State Democratic Chairman T.J. Rooney noted that the official endorsement process was a long way off, but he said in a statement: "The Pennsylvania Democratic Party has a long-standing practice of supporting Democratic incumbents."

In his conference call, Specter looked ahead, with relish, to a possible rematch with Toomey in the 2010 general election. "Anxious is the word," Specter said. "Anxious. I'm anxious to go to that jury."

In Specter's Own Words

Excerpts from Sen. Arlen Specter's statement and news conference yesterday:

"While I have been comfortable being a Republican, my party has not defined who I am. I have taken each issue one at a time and have exercised independent judgment to do what I thought was best for Pennsylvania and the nation. . . . I now find my political philosophy more in line with Democrats than Republicans."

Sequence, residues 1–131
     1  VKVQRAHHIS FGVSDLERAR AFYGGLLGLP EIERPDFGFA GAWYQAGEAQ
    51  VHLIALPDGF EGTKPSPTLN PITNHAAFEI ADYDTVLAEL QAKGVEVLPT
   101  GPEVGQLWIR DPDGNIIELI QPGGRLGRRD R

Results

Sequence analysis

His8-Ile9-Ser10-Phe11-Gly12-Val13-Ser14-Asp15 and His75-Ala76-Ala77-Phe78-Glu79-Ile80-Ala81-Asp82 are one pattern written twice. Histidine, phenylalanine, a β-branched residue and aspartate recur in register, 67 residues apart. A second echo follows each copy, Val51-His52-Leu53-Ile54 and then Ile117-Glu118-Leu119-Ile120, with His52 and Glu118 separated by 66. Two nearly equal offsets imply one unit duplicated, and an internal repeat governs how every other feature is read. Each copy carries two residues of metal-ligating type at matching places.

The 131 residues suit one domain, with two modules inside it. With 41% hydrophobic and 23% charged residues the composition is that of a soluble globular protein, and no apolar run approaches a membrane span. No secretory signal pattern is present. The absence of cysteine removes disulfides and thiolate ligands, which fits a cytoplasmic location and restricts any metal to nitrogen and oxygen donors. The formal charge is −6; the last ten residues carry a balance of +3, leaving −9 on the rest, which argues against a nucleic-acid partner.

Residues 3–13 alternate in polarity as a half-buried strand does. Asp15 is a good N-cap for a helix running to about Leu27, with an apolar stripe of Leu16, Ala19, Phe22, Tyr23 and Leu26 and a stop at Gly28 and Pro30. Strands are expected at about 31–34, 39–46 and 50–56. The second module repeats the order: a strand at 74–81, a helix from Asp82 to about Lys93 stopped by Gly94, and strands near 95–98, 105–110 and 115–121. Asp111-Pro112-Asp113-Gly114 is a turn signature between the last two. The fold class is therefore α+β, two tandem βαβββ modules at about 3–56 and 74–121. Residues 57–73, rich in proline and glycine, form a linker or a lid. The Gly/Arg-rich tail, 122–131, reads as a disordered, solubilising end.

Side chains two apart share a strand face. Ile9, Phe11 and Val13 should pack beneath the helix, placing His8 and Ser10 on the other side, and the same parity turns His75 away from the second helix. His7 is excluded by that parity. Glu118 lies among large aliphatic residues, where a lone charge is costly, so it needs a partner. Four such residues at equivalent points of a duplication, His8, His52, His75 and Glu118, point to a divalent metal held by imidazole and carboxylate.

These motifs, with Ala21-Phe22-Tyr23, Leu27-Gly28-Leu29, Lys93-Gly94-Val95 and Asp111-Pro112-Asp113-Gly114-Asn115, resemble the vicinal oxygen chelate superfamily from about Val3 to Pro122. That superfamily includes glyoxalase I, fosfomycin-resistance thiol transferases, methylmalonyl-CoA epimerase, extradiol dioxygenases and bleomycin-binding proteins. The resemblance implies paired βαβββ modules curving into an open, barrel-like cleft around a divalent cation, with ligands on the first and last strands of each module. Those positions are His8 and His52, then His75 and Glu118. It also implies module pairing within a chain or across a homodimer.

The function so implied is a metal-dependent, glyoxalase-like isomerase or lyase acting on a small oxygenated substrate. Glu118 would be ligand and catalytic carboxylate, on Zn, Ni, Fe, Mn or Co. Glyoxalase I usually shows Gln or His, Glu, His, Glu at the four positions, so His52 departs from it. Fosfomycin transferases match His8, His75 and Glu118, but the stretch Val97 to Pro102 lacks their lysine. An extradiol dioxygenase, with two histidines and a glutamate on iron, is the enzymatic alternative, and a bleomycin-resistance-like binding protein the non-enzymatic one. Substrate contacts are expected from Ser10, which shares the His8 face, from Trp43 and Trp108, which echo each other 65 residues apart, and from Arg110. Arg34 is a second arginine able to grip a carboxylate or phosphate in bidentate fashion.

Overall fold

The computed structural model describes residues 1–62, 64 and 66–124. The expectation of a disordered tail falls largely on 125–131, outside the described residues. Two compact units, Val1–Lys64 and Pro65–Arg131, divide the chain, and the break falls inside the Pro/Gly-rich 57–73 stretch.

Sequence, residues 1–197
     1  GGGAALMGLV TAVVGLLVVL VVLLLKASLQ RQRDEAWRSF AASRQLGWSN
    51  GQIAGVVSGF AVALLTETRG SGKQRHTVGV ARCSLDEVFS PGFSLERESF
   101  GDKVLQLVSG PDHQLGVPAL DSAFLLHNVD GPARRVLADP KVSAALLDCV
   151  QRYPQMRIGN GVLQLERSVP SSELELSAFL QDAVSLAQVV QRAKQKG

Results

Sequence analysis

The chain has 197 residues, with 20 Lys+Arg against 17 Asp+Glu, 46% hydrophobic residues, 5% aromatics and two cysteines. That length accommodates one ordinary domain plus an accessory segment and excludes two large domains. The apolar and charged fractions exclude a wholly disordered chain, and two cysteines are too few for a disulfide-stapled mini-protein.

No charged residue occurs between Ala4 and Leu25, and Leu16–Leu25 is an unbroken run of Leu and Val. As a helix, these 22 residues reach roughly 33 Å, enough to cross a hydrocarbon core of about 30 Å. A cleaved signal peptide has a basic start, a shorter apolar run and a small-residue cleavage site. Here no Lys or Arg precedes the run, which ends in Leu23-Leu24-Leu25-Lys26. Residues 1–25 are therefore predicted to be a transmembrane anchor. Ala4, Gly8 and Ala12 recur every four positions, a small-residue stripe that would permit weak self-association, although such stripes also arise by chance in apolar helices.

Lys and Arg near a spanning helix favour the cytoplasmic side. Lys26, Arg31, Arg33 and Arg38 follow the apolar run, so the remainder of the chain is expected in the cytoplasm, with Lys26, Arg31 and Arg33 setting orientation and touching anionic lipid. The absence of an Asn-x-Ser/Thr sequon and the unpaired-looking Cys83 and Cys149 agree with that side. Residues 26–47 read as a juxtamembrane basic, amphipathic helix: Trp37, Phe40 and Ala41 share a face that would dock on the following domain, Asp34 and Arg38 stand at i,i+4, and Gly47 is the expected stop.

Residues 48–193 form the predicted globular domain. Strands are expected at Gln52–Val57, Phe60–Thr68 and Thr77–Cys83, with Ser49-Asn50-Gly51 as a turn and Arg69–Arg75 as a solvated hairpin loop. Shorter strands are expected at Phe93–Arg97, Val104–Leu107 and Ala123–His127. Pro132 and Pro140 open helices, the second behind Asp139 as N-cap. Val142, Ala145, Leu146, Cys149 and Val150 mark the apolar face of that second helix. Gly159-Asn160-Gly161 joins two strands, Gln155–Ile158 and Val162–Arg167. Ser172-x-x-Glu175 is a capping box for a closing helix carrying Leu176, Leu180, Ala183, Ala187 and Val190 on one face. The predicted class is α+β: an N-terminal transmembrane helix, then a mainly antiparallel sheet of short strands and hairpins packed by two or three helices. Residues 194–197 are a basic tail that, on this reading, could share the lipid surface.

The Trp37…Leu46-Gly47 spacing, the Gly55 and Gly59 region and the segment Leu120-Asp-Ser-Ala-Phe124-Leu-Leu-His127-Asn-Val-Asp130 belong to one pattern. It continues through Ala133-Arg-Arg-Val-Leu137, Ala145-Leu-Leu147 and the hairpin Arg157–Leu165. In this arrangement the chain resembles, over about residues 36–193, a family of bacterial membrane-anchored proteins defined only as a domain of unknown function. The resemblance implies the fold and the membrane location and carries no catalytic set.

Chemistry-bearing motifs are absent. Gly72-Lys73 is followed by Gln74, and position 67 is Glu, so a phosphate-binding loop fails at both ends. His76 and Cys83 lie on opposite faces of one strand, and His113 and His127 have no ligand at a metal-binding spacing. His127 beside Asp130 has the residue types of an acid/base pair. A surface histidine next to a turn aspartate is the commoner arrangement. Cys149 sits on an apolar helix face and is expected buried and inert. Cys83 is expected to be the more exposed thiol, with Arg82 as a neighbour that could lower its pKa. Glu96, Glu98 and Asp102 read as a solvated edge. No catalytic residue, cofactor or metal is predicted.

"I deeply regret that I will be disappointing many friends and supporters. . . . I am also disappointed that so many in the party I have worked for for more than four decades do not want me to be their candidate."

"My change in party affiliation does not mean that I will be a party-line voter any more for the Democrats than I have been for the Republicans."

"Gov. Rendell said if I became a Democrat, he would help me raise money. And I responded if I became a Democrat, I wouldn't need him to help me raise money. I've changed my mind about that, though."